Happy Birthday D&D…

This is a beautiful thing.

Dandelion & Driftwood from Liquid Light Film Works on Vimeo.

One of the things I miss most about the north side of Brisbane is our weekly staff meetings at Dandelion & Driftwood.

Owners Peter and Penny Wolff are coffee dynamos, pushing the Brisbane cafe scene to really exciting new places. One of the things I love, as an interested observer of the coffee industry, is the way they champion the idea of quality coffee across the board – training and helping others, not just their own staff – though they do push their team pretty hard to develop through competitions and training, in a way that makes sure they attract and develop passionate people. Some time last year another cafe – who in another industry might be thought of as “the competition” had a machine break down, and these guys lent them a spare. They’re really impressive – and they make a delicious cuppa.

Dandelion and Driftwood clean up at the Queensland Barista Championships

As if everybody’s favourite Brisbane cafe needed something to bolster their glowing reputation… the Queensland Barista Championships were on in Brisbane over the weekend. There were a few categories on offer – a brewers cup, a cupping comp, a latte art throwdown, and the big one – the Queensland Barista Championship.

Thebeanstalker.com was there on Saturday for a few of the heats – but the heat in the Di Bella warehouse was too much for his pregnant wife to bear…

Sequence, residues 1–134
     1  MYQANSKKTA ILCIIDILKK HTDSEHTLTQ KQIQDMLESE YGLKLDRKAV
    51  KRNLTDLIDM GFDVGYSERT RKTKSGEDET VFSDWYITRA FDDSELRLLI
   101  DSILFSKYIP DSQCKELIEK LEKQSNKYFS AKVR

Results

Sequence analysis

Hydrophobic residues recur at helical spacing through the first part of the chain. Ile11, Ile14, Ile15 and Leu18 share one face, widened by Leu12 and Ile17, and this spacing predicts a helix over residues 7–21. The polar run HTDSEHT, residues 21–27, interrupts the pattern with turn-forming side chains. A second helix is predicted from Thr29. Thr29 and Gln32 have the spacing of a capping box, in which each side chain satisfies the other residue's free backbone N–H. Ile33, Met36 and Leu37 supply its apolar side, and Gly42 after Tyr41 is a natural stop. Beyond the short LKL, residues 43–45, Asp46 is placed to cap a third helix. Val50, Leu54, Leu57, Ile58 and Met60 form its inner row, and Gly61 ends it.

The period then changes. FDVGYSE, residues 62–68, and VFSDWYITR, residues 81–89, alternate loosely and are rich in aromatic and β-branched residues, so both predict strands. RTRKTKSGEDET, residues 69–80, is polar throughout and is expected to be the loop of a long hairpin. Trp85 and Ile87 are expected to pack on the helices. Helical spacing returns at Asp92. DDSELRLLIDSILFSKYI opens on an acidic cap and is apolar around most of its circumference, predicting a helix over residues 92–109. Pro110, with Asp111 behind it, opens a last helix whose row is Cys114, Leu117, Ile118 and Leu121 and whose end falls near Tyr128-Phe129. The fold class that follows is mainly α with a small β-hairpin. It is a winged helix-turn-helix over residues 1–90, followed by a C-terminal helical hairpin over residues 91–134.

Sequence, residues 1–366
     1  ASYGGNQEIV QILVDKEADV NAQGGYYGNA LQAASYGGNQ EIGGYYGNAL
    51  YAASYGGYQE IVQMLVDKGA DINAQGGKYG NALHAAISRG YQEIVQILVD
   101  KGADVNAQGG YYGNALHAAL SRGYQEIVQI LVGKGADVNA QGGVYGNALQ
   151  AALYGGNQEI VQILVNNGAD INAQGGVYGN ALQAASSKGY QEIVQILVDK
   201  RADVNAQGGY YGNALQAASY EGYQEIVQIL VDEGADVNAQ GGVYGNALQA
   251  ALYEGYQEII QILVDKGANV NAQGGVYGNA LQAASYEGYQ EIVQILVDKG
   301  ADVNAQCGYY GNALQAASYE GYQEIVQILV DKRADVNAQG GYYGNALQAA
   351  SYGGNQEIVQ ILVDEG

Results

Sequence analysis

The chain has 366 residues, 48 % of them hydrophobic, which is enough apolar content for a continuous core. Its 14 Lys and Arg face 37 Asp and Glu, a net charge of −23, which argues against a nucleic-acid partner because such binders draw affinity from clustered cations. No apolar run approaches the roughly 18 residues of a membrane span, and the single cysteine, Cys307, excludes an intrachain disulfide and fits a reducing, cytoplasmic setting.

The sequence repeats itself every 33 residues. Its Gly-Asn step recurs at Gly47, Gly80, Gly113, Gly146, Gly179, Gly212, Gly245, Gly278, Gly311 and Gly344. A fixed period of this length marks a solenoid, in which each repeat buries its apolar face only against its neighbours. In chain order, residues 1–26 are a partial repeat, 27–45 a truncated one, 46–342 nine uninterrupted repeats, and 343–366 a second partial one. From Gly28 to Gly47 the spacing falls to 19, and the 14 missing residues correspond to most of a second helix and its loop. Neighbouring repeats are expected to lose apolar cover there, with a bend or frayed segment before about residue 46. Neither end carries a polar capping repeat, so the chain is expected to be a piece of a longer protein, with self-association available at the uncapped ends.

The Queensland Barista Championship is part of the regional rounds of the AustralAsian Specialty Coffee Association (AASCA) national championship – the winners face off for the chance to represent Australia at the World championships. It follows the World Barista Championship format, you can check the judging cards here. Each competitor is judged on their preparation of three rounds of drinks, and their mad Barista skillz… The first round is espresso, the second a cappuccino, and the third is a signature drink that captures the essence of the coffee. These are typically really creative (and the D&D competitors have their drinks on the menu in store this week).

One of the competitors, a Brazilian guy using a Brazilian coffee, prepared his signature drink using oranges, peanut butter, honey, corn, and coffee. It had an interesting aroma.

D&D took out first, second and third in the Brewers Cup. Third in the latte art comp. And First and Second in the Queensland Barista Championships. Matt Troughton took out first place. Unfortunately I wasn’t there for his performance. I was, however, there for the second place winner – Janelle Kingsley’s routine – and her signature drink was amazing.

Her coffee, from memory, was a natural processed Costa Rica Las Lajas, which grows at the foot of a volcano. So here signature drink, served in oil burners, was a coffee lava.